Last week we watched Swing Time with Fred Astair and Ginger Rogers.
She's as lovely as any actress I've ever seen on screen. This week it's
Seven Brides for Seven Brothers. You know, "Bless your beautiful hide".
That one. They're grossly un-p.c. by today's standards, especially Seven
Brides for Seven Brothers but they retain the original appeal. Who
doesn't love some song and dance?
We discussed for a bit the absudity of the Musical film. I'm sure the
thought has crossed your mind before. Here we have a group of people who
spontaneously burst out into choreographed song and dance. Everybody
joins, instinctively taking their queues, as naturaly as smiling back at
a grinning baby.
Sometimes they do it within a diegetic context, i.e. we see the actor
sing and dance because his character in the film is a singer or dancer.
More often, though, music rises from the ether and somebody sings for no
audience (except us) and out of nothing but love.
If anybody did this in reality, we would send them to a professional
mental health expert. They'd need a head shrinker. They'd be
I'd love to see a musical exploit this. Our main character believes
life's a musical. He sings and dances, the animals join in. The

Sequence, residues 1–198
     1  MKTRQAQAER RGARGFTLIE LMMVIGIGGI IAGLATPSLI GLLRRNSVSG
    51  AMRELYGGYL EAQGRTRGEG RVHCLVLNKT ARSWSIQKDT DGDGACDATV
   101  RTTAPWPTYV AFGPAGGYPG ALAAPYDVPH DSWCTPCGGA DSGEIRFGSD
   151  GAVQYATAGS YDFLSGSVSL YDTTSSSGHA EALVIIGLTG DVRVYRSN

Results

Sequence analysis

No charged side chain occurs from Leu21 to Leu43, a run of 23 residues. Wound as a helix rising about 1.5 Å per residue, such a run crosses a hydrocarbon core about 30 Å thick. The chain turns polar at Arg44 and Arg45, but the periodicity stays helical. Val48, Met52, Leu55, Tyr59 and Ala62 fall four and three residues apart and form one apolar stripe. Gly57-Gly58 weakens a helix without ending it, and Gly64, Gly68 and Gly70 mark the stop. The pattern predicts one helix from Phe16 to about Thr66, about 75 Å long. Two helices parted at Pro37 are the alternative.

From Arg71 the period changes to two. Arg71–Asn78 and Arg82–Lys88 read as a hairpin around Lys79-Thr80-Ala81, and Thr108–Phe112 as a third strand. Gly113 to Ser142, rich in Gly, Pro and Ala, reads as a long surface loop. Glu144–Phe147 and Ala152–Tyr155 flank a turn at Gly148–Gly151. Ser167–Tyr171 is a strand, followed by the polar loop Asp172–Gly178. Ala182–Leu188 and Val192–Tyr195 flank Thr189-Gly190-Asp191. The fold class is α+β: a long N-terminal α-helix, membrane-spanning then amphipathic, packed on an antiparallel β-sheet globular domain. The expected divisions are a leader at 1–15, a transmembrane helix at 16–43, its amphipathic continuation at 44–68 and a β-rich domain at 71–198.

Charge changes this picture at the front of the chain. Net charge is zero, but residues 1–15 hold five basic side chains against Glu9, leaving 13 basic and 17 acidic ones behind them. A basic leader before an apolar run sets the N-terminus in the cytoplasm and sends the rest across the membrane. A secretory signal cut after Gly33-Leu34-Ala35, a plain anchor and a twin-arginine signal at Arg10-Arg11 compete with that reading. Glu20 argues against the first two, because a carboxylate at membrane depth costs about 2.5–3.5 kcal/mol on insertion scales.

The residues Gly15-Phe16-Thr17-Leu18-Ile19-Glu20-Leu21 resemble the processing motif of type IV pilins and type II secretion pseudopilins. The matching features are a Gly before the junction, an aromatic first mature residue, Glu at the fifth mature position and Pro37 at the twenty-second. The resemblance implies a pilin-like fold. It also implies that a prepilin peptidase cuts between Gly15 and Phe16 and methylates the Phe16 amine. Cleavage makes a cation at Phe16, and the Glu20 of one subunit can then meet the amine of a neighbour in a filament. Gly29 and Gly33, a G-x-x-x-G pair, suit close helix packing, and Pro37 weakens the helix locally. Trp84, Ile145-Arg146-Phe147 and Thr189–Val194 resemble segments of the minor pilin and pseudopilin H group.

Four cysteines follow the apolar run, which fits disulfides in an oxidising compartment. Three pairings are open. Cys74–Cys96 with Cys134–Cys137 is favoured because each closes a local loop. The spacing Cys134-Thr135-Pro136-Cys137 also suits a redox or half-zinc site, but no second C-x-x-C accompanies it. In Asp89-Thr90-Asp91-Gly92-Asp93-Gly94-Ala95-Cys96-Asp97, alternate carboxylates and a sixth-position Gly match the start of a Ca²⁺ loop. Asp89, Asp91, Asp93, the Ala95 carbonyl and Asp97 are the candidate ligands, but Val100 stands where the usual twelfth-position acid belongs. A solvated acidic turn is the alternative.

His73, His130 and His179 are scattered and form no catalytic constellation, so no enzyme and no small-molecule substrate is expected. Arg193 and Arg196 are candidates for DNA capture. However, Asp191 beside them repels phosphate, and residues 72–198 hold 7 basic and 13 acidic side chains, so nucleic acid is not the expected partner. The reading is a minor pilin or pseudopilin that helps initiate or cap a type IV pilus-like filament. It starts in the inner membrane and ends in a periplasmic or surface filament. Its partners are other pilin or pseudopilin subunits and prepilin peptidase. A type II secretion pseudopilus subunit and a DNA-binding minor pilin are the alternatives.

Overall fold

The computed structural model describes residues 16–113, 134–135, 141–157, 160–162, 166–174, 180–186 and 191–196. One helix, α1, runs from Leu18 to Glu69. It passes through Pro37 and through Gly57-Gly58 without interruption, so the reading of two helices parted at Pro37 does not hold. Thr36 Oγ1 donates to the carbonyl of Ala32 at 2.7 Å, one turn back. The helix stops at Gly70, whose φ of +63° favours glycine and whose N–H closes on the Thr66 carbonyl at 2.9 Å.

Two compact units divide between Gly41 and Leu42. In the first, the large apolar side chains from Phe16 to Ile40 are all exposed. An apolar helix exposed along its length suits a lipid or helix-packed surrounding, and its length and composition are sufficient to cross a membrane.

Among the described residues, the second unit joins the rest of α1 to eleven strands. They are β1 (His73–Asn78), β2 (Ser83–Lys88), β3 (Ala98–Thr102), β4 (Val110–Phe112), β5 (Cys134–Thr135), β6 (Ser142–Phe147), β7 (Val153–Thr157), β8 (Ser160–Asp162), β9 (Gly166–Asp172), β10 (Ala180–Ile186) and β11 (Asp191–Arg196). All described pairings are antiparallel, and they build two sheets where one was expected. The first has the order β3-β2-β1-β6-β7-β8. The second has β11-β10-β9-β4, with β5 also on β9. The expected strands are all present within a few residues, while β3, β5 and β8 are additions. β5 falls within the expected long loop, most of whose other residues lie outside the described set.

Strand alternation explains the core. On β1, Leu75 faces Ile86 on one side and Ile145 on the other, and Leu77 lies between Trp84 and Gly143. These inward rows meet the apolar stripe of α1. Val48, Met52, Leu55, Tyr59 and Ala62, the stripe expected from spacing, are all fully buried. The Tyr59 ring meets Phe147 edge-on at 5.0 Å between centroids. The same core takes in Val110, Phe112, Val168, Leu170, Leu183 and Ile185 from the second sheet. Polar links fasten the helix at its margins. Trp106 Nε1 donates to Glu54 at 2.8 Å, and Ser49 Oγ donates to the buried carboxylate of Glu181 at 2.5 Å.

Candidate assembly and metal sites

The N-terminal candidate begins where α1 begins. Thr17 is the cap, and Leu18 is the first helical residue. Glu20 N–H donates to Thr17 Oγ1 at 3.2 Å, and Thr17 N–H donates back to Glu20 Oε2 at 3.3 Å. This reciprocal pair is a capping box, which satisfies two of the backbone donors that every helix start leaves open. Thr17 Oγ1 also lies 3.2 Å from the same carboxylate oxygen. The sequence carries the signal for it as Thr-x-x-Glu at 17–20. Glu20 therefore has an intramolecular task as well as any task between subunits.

production values reflect classic musicals; their performance is in
front of a painted backdrop, they're elaborately costumed along with
everybody else, the setting is exaggerated and overdone.
But nobody else is in on it. We cut to the reality of the situation.
He's crazy as a loon, and his backup singers and dancers are actually
puzzled onlookers. The setting is stark and unpolished, just what it
would look like anywhere off-screen
I think it could make for a pretty great satire. The audience could
simultaneously enjoy the song and dance and acknowledge the absurd
propositions that virtually all musicals present.
P.S. Dp made the astute observation that there is almost NO way Will
Ferrell didn't base Ron Burgundy on Adam Pontape from Seven Brides for
Seven Brothers. Clear as day when somebody points it out, but the
liklihood of those two films entering the same conversation for any
other reason is almost nil.
-Sent from Austin's phone.